Cy Twombly’s Inspiration from Poetry and Other Factoids - Art Urbane

by Olita Charlie

Cy Twombly’s Inspiration from Poetry and Other Factoids

In the 1950’s, Cy Twombly’s inspiration from ancient Greek literature, poetry and Roman mythology moved him to create large size paintings very different from the art movements of his time, Abstract Expressionism and Pop Art.

As you browse his artwork below, you will discover insights into the man himself that shaped his art.

1. Cy Twombly was inspired by ancient Greek literature, poetry and Roman mythology. He has a series of eight drawings with the word “Virgil”.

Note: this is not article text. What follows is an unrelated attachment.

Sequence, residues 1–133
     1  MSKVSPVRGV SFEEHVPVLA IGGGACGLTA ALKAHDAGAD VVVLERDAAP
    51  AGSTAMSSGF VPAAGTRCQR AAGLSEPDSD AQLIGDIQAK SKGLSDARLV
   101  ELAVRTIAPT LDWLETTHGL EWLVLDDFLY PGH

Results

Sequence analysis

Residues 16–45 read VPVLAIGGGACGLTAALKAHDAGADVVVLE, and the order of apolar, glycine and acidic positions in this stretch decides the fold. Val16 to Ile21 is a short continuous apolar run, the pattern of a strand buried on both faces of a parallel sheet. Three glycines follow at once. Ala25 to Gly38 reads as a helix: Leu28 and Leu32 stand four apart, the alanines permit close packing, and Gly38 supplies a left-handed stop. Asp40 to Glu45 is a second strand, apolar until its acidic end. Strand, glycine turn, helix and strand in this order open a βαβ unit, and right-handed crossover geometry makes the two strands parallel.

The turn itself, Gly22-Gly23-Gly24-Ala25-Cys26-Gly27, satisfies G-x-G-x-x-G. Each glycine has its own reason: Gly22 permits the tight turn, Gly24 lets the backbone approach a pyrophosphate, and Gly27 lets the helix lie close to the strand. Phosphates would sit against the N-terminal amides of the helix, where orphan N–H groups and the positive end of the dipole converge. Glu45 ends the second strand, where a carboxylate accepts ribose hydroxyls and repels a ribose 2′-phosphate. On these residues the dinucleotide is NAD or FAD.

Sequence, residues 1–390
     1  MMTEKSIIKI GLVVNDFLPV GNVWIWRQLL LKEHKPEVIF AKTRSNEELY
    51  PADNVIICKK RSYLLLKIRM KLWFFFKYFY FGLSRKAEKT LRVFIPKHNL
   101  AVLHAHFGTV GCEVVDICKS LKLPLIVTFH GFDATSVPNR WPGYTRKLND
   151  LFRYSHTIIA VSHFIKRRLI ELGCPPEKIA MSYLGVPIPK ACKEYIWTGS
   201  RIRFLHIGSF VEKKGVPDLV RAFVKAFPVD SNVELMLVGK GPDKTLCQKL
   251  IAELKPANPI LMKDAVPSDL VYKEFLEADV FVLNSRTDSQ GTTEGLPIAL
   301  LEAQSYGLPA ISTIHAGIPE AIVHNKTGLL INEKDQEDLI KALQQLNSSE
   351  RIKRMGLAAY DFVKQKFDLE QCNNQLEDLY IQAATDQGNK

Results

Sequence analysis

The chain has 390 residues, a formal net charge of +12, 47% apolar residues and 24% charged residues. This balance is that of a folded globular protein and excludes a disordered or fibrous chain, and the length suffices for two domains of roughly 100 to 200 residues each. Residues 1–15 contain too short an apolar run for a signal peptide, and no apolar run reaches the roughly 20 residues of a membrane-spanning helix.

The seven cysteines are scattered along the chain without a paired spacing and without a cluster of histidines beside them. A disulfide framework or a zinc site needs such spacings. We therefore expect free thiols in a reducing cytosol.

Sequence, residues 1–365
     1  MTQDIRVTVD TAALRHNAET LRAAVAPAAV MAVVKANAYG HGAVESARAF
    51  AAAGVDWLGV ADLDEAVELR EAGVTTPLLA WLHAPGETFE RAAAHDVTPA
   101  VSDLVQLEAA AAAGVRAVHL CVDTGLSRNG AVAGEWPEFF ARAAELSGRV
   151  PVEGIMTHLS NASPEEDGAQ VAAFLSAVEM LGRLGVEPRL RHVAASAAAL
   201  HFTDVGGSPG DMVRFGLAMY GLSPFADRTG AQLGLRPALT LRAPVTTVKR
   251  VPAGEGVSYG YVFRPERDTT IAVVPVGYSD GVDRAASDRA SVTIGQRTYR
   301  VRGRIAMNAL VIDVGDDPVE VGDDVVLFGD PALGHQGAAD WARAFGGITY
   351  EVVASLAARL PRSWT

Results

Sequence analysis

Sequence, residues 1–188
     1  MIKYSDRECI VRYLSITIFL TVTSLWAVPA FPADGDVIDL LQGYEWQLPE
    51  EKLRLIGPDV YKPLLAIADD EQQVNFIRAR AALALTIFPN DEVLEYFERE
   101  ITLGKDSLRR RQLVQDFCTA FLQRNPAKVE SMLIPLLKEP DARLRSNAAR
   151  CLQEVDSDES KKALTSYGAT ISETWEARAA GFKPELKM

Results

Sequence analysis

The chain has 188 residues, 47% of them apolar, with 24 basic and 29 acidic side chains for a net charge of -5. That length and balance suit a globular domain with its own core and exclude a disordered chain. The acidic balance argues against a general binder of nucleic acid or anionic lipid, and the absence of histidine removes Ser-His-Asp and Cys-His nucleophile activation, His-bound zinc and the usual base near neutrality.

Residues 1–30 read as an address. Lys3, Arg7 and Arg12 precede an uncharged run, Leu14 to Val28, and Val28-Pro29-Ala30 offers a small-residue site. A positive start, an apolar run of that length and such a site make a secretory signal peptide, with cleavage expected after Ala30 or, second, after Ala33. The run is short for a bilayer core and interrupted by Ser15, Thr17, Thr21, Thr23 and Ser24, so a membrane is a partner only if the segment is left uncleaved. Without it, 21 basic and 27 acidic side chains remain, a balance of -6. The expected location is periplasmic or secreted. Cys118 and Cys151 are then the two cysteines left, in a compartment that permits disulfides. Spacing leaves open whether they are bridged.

2. He was a cryptologist in U.S. Army.

3. His father, also nicknamed “Cy”, pitched for the Chicago White Sox. 

4. His paintings are in the permanent collections of the New York’s Museum of Modern Art and the Musee de Louvre in Paris.

5. His later works came to be known as “romantic symbolism” by its large shapes, forms and words.

6. He was born in Lexington, Virgina on 1928.

7. From 1955 to 1959, he worked and went to school in New York, where he became a prominent figure among other artists including Robert Rauschenberg and Jasper Johns.

8. In May 2012, the 1970 painting “Untitled (New York)” at Sotheby’s sold for $ 17.4 million.

9. Across the bottom edge of one of his paintings, Twombly wrote a textual fragment from the poet Sappho: “But their heart turned cold and they dropped their wings.”

Olita Charlie
Olita Charlie


Always seeking bold individuals acting on profound, creative ideas

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